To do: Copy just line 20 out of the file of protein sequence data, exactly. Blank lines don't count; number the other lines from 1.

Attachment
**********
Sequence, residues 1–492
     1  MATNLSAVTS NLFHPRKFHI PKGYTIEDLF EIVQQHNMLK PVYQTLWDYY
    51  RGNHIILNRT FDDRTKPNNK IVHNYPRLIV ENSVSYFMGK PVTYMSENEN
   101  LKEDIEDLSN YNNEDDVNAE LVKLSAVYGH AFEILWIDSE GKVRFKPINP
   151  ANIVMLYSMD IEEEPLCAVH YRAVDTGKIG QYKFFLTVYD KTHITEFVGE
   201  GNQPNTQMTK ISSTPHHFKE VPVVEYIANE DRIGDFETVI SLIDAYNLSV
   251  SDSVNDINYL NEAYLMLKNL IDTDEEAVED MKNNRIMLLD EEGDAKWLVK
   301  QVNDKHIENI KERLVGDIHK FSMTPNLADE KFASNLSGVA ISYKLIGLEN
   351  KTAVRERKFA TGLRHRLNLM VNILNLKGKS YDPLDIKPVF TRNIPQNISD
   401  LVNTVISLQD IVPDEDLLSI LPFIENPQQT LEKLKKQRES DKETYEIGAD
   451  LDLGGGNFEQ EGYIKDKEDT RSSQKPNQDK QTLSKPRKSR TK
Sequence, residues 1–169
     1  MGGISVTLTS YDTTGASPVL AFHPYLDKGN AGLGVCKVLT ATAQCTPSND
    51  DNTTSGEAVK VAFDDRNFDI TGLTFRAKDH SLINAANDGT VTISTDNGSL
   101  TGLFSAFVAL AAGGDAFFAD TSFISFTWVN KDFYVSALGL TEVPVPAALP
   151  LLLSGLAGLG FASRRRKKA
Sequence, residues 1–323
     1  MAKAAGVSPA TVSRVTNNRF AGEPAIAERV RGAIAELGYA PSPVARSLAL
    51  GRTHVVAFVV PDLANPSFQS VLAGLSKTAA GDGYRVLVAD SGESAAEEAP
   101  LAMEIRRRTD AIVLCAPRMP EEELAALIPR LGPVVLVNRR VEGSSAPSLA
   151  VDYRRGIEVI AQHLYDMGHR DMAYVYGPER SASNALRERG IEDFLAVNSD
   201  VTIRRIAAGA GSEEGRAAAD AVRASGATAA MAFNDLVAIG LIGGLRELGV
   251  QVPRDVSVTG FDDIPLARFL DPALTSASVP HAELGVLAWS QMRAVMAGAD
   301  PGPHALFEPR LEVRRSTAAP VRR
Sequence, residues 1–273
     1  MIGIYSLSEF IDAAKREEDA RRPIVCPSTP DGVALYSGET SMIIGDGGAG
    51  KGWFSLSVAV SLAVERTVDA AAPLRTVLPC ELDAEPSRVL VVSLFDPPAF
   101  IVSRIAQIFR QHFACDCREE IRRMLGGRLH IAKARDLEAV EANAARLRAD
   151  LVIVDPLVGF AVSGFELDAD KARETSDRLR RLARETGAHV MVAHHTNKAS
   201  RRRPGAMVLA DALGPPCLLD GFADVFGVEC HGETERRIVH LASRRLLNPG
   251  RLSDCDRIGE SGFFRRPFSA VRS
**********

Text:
   101  LAMEIRRRTD AIVLCAPRMP EEELAALIPR LGPVVLVNRR VEGSSAPSLA